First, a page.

The City of Gaffney is the seat of Cherokee County, which proudly boasts that “freedom was won here” and “freedom still lives here.” The county includes three national parks which commemorate the actions of Patriot forces who fought for independence from British rule.
The Overmountain Victory National Historic Trail
Right here in Cherokee County is the final portion of the 330 mile trail, which hundreds of frontier militiamen traveled in 1780 across the Appalachian mountains to join up with Patriot forces in South Carolina. Free, illustrated maps of the Overmountain Victory National Historic Trail are available from the Gaffney Visitors Center at 210 West Frederick Street.
Cowpens National Battlefield
Travel along the Cherokee Foothills Scenic Highway (S.C. Hwy.11) from Gaffney to the Cowpens National Battlefield, where on January 18, 1781, Daniel Morgan led an army of frontier militia and Continentals to a brilliant victory over the much larger force of British regulars commanded by Banastre Tarleton. The battlefield, managed by the National Park service, includes a monument to the men who fought in the battle and an excellent visitors center which provides informational programming. Expert guided battlefield tours are available throughout the day. Each year on the weekend closest to January 17, the park celebrates the anniversary of the battle with firing demonstrations and a living history encampment. On the weekend closest to Independence Day, fireworks and other activities are free and open to the public. See the website for hours of operation and schedule of special events.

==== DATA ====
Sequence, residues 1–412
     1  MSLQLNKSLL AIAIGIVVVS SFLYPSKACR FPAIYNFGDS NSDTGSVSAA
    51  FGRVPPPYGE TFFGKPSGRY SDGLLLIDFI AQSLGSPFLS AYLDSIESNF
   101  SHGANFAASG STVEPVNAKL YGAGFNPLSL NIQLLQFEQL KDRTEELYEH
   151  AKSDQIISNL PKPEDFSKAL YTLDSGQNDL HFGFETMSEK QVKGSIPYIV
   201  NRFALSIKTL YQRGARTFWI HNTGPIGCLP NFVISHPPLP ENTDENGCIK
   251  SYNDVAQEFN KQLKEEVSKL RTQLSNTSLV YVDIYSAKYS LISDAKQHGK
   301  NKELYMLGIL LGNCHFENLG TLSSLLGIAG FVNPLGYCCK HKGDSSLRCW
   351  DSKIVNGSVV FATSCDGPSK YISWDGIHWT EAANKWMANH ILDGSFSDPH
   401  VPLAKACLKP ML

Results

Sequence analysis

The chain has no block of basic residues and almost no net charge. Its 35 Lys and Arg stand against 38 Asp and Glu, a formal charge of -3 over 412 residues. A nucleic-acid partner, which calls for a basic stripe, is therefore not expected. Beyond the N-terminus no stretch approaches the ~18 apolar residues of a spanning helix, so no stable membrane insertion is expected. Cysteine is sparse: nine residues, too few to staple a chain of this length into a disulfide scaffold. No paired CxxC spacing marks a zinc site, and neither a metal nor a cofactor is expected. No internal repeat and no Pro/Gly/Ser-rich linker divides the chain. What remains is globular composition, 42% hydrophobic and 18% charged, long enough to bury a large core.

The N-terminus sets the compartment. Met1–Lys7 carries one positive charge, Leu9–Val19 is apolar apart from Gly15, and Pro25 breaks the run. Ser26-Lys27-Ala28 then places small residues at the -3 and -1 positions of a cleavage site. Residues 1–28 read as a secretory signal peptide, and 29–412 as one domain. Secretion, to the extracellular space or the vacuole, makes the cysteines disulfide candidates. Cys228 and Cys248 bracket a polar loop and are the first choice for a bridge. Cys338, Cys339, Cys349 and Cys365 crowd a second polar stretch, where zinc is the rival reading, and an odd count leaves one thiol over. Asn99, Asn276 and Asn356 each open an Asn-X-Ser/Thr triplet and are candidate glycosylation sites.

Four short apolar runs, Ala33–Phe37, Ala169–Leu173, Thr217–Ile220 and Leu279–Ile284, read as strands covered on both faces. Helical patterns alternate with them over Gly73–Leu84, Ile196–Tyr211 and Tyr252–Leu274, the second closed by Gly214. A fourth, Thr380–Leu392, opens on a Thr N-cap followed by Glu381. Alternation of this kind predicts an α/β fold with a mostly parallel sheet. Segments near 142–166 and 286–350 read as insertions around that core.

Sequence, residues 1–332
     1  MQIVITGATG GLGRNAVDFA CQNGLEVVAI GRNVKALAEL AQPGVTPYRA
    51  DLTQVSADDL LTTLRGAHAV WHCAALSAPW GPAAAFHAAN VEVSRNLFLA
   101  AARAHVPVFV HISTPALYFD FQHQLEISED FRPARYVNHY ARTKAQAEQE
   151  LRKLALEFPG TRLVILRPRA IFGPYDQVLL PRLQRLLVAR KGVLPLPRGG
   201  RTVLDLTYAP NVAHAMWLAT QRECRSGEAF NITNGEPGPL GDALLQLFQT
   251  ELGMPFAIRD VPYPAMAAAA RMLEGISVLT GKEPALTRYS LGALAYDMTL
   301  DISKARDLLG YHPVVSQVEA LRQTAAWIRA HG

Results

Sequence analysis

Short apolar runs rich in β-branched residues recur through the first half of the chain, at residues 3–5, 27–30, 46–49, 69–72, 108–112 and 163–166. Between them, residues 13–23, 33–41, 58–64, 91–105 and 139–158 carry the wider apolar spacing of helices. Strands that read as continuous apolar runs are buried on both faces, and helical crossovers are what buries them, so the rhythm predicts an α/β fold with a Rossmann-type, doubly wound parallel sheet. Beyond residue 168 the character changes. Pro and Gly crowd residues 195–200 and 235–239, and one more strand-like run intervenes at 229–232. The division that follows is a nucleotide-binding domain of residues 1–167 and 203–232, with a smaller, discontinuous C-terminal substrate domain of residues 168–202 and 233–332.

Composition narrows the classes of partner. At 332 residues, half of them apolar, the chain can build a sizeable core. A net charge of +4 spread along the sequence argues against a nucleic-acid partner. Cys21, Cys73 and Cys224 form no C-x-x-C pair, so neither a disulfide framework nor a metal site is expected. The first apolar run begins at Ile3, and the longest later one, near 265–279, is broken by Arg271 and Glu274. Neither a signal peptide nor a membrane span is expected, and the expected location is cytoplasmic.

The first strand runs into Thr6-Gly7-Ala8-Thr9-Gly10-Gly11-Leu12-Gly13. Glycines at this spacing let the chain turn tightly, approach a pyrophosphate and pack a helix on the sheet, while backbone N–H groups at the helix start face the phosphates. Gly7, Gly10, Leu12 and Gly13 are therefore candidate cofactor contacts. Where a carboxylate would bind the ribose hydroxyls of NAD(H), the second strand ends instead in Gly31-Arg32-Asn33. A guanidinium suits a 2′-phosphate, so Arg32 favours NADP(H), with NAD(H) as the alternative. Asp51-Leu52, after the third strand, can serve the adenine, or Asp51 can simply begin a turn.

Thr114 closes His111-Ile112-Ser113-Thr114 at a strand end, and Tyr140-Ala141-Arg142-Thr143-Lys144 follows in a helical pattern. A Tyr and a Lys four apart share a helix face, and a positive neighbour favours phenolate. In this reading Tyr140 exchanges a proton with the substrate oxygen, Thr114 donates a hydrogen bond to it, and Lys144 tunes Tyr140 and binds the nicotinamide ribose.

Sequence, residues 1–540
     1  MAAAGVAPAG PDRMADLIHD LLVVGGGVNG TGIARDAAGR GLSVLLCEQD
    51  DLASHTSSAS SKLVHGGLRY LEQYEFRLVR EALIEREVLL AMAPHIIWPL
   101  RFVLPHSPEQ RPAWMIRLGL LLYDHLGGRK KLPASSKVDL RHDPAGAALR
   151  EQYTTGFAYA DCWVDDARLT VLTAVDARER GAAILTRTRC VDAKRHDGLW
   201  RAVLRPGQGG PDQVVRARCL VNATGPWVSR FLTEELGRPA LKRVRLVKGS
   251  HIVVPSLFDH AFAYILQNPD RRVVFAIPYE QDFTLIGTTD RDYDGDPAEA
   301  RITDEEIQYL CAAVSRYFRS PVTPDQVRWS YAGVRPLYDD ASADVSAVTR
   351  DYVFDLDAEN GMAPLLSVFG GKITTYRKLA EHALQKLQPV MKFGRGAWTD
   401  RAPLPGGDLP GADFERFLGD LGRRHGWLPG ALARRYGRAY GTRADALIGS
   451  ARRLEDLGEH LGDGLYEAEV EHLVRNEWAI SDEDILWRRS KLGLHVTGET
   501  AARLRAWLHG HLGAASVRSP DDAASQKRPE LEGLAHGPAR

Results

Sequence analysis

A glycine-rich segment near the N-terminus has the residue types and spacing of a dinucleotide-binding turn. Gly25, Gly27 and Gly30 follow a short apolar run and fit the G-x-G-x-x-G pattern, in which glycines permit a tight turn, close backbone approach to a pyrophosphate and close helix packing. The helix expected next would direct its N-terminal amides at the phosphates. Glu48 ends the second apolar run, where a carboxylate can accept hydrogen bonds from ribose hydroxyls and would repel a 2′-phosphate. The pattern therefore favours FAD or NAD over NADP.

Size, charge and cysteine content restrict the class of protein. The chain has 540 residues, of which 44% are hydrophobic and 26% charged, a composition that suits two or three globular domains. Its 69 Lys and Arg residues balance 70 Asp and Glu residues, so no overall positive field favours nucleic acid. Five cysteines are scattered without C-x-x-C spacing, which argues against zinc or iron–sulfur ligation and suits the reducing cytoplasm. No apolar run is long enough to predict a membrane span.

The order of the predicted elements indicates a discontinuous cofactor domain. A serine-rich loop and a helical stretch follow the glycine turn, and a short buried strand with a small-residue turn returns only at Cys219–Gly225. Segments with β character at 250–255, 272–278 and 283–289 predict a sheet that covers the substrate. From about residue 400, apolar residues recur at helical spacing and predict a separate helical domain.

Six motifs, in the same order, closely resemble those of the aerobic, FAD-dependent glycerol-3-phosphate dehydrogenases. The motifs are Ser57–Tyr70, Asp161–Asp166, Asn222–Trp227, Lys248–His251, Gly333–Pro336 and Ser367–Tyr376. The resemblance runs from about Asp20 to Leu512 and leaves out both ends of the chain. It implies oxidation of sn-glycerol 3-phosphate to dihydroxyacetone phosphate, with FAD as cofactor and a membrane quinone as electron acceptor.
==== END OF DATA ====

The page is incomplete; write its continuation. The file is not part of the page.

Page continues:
Kings Mountain National Military Park
Follow the Overmountain Victory Trail through historic downtown Gaffney to the site of the battle that Thomas Jefferson described as “The turn of the tide of success.” There, on October 7, 1780, the Patriots won a decisive victory over loyalist forces. The park includes a monument, visitors center and amphitheater. Special informational programs and commemorative events are offered at various times of the year. See the website for hours of operation and schedule of events.
Historic Sites Within the City of Gaffney
Within the City of Gaffney, are three districts that are included on the National Register of Historic Places. The City of Gaffney invites everyone to explore our history. Continue Getting into Gaffney’s history as you explore the historic downtown area with visits to the Michael Gaffney Log Home, the City Hall Park with its historic water fountain, and the new Gaffney City Hall ringing the sounds of the bell suspended in the clock tower of the original City Hall constructed in the late 1800’s. Upon departure from the Historic Commercial District, stroll through the streets of Gaffney’s Historic Residential District, with homes constructed between 1890 and 1930, generally of frame or brick construction with fine examples of Queen Anne, Colonial Revival, Neo-Classical, Victorian, and Bungalow styles. Located on College Drive, nestled in the historic residential district, you’ll want to enrich your historic exploration with a visit to the Cherokee History Museum. The Residential Historic District will lead you to the beautiful Limestone Springs Historic District which encompasses much of the Limestone College campus, Nesbitt’s Quarry (locally referred to as the Limestone Quarry), and the Limestone Springs Baptist Church.